Originally, the star itself was a marker of quality. To be singled out by Guide Michelin with a star was to be raised to the firmament, put above lesser establishments. (See what I did there? ;o) Pretty quickly, however, Michelin added two- and then three-star ratings. Three stars represented the very best restaurants and hotels. As of this year, there are only 79 three-star restaurants in the world.

Michelin, like some redoubtable academic stronghold, has resisted ratings inflation over the years. The new reader-based internet rating systems for books has not held up so well. In fact, the whole system seems to be plunging from the sky in a ball of fire, like some Sputnik/Skylab/Challenger disaster of literary proportions. The whole thing is blowing up faster than I can read the latest review kerfuffle on Amazon or GoodReads.

The first time I really noticed how rapidly book reviews were becoming inflated was when a friend lamented that she’d gotten a “bad rating” for her book on GoodReads. I sympathized with her and went to see the damage. The review wasn’t vituperative or even particularly harsh, and then I noted that the reviewer had marked the book with 3 stars.

But wait! What? 3 stars? I hesitated, confused, as I scrolled back up to pass my cursor over the offending rating in question. The hover text obligingly popped up: “3 of 5 stars, liked it.” That was what I thought. 3 stars means the reader liked the book. That was the presumption upon which I’d based all of the ratings I’d doled out on GoodReads. Not that I’m all that adept at remembering to enter the books I’ve read and my ratings of them, but there were several good books I’d rated at 3 stars. Because I liked them. Not loved them. Not felt gushy and world-altered. Just liked. You know, in a positive, hey, I enjoyed reading that kind of way.

So how the heck did 3 stars became a “bad review”?

Oh, right… the same way a C became a bad grade, when we all started expecting to be above average. When we all started expecting our work to be deemed “amazing,” or “brilliant,” or “earth-shattering.” When we started getting our little feelings hurt if we weren’t deemed geniuses by everyone who read our stories.

It’s not that I don’t understand. Yes, when my first book comes out later this year, I will hope for mostly 4- and 5-star ratings. That would be very nice. We all want to be loved and admired. But it’s crazy when we expect that. Because like the old Freshman Composition teacher I am, I still want a system of evaluation to maintain its credibility. I still want there to be standards for what makes a student essay a B+, as opposed to a C. I don’t think “average” is a “bad grade.” I don’t think marking that I liked a book should be interpreted in a negative way.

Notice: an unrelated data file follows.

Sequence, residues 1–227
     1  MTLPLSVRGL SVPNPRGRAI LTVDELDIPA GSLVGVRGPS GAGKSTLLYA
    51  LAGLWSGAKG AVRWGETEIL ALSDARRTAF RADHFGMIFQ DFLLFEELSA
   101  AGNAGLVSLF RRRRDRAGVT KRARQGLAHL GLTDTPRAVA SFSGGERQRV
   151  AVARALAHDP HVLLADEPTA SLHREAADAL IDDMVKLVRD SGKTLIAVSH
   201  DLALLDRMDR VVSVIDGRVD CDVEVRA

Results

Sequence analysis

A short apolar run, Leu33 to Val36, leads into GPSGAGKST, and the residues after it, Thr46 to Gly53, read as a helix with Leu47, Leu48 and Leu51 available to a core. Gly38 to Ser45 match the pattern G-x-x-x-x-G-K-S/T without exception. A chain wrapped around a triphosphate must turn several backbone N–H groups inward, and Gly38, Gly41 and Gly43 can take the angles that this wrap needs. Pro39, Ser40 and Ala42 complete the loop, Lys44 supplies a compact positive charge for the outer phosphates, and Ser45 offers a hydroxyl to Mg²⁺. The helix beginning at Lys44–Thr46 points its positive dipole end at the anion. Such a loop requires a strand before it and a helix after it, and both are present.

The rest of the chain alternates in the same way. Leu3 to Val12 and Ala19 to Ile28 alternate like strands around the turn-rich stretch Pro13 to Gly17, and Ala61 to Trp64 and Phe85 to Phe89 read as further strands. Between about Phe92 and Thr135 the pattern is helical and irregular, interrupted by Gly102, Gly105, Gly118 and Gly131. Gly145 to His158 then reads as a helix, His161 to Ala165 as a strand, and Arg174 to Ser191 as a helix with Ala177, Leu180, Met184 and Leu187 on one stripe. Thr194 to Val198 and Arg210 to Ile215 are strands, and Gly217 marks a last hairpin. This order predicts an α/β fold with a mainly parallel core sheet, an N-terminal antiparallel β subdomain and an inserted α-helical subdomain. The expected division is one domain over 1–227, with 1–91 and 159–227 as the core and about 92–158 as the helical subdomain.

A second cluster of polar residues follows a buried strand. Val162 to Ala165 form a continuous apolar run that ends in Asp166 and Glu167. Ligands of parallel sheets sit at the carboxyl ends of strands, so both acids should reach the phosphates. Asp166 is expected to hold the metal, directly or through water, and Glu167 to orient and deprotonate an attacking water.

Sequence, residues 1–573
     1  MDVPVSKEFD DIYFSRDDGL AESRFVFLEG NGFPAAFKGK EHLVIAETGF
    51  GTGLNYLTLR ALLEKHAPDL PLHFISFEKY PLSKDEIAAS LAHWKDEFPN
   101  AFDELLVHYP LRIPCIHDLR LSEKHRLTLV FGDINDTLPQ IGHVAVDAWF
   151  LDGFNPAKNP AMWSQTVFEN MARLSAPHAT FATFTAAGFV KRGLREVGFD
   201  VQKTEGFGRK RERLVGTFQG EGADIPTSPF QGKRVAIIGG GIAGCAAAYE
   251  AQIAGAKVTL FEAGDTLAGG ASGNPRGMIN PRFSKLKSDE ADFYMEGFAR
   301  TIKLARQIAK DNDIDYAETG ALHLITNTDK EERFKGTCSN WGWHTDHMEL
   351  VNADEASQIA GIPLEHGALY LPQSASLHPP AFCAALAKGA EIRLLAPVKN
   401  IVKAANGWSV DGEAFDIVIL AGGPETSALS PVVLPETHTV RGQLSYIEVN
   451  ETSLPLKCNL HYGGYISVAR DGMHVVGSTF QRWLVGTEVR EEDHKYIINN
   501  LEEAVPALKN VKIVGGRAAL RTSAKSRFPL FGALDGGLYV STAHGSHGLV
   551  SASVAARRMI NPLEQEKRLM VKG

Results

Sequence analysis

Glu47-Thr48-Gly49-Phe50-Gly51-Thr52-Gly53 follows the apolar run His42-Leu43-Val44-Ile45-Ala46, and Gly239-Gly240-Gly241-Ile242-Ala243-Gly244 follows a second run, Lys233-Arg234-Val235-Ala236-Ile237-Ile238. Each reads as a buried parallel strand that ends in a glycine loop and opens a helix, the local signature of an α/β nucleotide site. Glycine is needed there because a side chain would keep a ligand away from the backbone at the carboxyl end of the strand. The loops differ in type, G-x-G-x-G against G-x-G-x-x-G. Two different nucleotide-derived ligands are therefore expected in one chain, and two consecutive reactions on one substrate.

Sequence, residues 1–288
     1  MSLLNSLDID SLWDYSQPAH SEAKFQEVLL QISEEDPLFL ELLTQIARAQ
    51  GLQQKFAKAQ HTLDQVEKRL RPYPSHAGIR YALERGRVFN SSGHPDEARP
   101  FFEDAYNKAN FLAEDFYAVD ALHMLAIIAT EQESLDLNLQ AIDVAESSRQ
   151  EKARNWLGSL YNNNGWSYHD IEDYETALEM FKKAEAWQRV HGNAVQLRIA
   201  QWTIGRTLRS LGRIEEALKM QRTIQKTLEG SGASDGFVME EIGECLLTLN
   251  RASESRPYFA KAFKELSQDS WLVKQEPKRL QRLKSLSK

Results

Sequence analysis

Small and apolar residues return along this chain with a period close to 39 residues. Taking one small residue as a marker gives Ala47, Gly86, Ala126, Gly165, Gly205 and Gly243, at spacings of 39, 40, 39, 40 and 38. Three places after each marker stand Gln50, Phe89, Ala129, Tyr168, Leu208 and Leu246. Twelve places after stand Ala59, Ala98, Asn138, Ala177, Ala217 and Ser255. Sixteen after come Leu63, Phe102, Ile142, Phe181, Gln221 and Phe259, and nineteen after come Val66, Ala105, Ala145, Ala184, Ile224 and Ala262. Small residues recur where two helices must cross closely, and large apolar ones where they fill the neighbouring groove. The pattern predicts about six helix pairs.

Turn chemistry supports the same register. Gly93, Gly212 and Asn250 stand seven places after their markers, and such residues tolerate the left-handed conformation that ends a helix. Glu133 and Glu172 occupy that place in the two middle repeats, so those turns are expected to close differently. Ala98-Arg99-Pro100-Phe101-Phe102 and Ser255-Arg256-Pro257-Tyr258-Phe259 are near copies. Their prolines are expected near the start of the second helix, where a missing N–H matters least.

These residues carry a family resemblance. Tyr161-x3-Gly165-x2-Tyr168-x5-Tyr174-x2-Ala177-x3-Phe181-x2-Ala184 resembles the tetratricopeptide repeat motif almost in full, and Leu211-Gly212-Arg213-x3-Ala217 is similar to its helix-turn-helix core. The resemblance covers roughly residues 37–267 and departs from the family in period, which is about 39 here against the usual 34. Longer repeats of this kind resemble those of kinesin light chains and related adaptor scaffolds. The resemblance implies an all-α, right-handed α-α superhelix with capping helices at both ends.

The truth is, I don’t think most books I read are 5-star books. There are a few. Books that just blow me away. Books that have changed the way I think about the world. Books that I can re-read over and over and never get bored. Those are 5-star books. Maybe I’m just a bitch, but generally the highest rating I’ll give, even to the aforementioned dear friend, is 4 stars. Because although I think some of my friends are very talented writers who’ve written enjoyable books, I don’t feel like going around proclaiming they’re works of genius, just … because. For the sake of friendship. To be nice. That’s not really what book reveiews/ratings are for, right? Or is it?

A Theme

I won’t even get into the question of writers rating their own books at 5 stars. Do I think my forthcoming book is a 5-star book? No. I think it’s pretty good. Mostly well-written with some nicely crafted characters. The plot’s no beauty pageant winner, but that’s just it. Not every book is gonna be the winner. The Pulitzer Prize–only goes to one book. Not every student essay is an A++++++++++++++++

Which is not to say that everybody should have the same 5-star book. Ridiculous. The joy of such reader-centric sites as GoodReads is that each reader can expound on the virtues of their favorite books. The other side of that coin is that every reader can discourse on the failures of the books they deem deserving of 1-star ratings.

The problem, as I see it, is when we get sucked into a system of over-rating books, because we’re afraid of offending someone or being attacked for our honest opinion. Having been lambasted for giving my honest, but not cruel opinion on books that I thought were less than stellar, I’ve all but given up rating books on GoodReads. I cringe in anticipation of my entry into the land of stars and reviews and revenge ratings, but there doesn’t seem to be an alternative…